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The Coronavirus Crisis

The U.S. Is Sending 1 Million Vaccines To Mexico Border Cities And Resort Spots

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A man takes a selfie while getting the COVID-19 vaccine during a vaccination day in Mexico City.
Hector Vivas, Getty Images

A man takes a selfie while getting the COVID-19 vaccine during a vaccination day in Mexico City.

One million Johnson & Johnson COVID-19 vaccines are heading to Mexico from the U.S. with most of the shots set to service resort areas and spots along the border.

The batch of vaccines is part of the 25 million excess doses the White House announced on Thursday would be shipped to other countries around the world. Much of the vaccine distribution will be through COVAX, an international system aimed at helping to vaccinate people in the world's poorest countries.

In a bid to boost the country's economy, Assistant Health Secretary Hugo López-Gatell said much of those 1 million vaccines will be sent to Caribbean resort hotspots such as Cancún, Pacific coast resorts like Los Cabos, and cities along the U.S. border.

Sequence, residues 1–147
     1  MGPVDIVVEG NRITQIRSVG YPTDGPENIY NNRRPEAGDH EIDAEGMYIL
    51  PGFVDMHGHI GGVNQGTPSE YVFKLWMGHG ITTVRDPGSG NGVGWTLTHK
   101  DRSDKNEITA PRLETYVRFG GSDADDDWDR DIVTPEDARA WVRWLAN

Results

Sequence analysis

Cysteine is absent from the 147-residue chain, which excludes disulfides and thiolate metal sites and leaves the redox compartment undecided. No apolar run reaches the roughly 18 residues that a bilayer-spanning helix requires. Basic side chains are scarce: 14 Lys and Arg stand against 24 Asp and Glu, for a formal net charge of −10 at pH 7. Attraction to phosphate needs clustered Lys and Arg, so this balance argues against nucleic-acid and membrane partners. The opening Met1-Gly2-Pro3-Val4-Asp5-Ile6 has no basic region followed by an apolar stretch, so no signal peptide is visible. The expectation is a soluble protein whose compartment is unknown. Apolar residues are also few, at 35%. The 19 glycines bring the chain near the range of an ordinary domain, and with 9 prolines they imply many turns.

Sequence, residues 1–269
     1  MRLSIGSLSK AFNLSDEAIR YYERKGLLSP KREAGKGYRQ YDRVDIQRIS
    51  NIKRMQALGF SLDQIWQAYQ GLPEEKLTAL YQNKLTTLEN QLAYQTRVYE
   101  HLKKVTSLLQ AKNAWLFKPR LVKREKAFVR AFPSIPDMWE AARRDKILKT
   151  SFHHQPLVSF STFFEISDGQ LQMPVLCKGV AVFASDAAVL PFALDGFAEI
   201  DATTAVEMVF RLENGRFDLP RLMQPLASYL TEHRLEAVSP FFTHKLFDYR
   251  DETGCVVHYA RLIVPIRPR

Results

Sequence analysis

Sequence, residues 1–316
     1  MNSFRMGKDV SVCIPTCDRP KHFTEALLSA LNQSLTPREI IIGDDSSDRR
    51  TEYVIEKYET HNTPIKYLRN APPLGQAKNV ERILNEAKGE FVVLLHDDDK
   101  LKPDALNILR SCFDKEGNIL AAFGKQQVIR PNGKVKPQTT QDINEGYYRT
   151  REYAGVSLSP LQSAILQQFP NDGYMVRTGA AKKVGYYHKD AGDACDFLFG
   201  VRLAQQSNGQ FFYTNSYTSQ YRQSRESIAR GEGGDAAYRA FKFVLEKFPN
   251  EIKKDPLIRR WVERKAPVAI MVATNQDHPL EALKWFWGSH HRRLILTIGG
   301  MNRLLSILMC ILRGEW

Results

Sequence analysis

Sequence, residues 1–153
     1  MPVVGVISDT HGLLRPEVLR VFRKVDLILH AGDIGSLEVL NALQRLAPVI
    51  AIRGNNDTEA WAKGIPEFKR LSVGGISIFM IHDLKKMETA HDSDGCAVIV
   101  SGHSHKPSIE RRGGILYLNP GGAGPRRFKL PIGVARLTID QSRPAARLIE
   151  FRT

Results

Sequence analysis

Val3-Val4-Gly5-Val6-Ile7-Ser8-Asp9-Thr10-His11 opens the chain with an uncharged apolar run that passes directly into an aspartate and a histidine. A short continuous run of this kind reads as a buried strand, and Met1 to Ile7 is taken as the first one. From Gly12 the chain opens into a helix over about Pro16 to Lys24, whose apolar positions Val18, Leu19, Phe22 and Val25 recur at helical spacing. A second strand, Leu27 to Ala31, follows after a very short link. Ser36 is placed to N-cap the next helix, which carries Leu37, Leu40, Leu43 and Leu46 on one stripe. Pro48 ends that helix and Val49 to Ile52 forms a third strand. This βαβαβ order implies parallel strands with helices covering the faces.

Mexico, a country of roughly 130 million, has been hard hit by the coronavirus and has struggled to control its spread.

According to government data, Mexico has given more than 23.2 million adults in the country at least one shot of a COVID-19 vaccine. As of Thursday night, Johns Hopkins University's Coronavirus Tracker reports more than 2.4 million confirmed coronavirus cases in Mexico with more than 228,000 deaths.

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Government officials have indicated that the actual death toll from the pandemic is likely far higher, according to The Associated Press., with a preliminary assessment suggesting more than 350,000 excess deaths — 54% above the official toll.

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